My siblings live with their families in Maryland and Virginia, and I have good friends up and down the East Coast. Boston was not super close to any one of these, but it was a lot easier to see everyone. And at least we’d all been in the same time zone (except for those outliers in New Brunswick!).


Jobs are another big factor in determining where to relocate your family.

Although Annie and I wanted to strike out on our own, we thought it prudent to be near a source of jobs if things didn’t work out. We both worked in high tech. Outside Silicon Valley, the main tech hubs in the United States are Seattle, Austin, North Carolina, and Boston.

These are all fine places to live, but after you’ve lived in the Bay Area for a while, you might be more inclined to Seattle or Boston rather than Austin or North Carolina. Boston was the home of early microcomputer software hits such as VisiCalc and Lotus 1-2-3. Although not the powerhouse that Silicon Valley had become, it clearly still had much to offer.

Cost of living, housing, and schools

A key metric on how to decide where to relocate your family is figuring out the cost of living.

There are several cost-of-living calculators and comparison tools out there. 

An important cost difference between San Francisco and Boston was the cost of homeownership. As a percentage of one’s salary, homeownership was significantly less in Boston (significant means 30-50% less). Of course, you must also figure in what your new salary might be (about 15% less in Boston over San Francisco for my field) and what additional expenses your new home might require (Sorel snow boots, snow blower, snow tires, snow shovels, a lot of Advil, followed by contracting with a snow removal service). Depending on the city you decide to live in, you may be prone to more home improvements from Summit Point Roofing, and that is something to take into consideration.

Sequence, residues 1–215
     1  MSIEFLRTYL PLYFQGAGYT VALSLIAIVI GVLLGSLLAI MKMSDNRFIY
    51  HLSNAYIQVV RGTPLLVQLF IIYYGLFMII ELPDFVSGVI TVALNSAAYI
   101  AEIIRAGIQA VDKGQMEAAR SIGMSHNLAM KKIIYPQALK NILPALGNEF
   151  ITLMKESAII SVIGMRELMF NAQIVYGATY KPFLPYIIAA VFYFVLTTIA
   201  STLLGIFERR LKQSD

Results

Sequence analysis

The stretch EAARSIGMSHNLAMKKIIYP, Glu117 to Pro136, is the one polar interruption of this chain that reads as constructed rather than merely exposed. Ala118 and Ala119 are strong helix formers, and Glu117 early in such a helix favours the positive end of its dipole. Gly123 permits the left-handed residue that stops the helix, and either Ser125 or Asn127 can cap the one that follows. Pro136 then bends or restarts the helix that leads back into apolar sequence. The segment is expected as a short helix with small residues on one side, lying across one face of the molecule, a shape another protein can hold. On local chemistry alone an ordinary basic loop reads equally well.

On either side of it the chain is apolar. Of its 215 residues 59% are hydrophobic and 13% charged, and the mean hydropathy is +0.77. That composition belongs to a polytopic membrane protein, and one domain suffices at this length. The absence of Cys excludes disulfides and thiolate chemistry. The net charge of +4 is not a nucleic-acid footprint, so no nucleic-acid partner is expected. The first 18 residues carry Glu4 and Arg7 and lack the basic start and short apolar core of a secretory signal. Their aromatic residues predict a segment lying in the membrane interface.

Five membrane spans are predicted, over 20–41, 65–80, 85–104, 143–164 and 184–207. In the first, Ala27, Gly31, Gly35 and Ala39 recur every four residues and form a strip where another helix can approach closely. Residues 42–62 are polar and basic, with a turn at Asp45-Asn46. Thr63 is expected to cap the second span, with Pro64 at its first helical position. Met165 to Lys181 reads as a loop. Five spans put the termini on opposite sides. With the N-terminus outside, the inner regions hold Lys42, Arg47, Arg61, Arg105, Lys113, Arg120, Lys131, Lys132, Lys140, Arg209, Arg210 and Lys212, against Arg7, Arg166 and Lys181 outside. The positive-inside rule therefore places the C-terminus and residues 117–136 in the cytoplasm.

While the advent of the internet has not yet meant the complete demise of real estate agents, there are some great sites you can use to help better understand home costs. Trulia, Zillow, Movoto, and Redfin are all useful real estate websites; you can spend hours surfing the web for homes to buy.

The rental market was a little harder to get a feel for (at least remotely), but you can start with everybody’s favourite, Craigslist. For schooling, most states would be an improvement over California. If you want to start with the big kahuna of school testing scores, start with the NAEP. Since we already knew we were interested in Boston, I used a few commercial sources to help narrow down the neighbourhoods.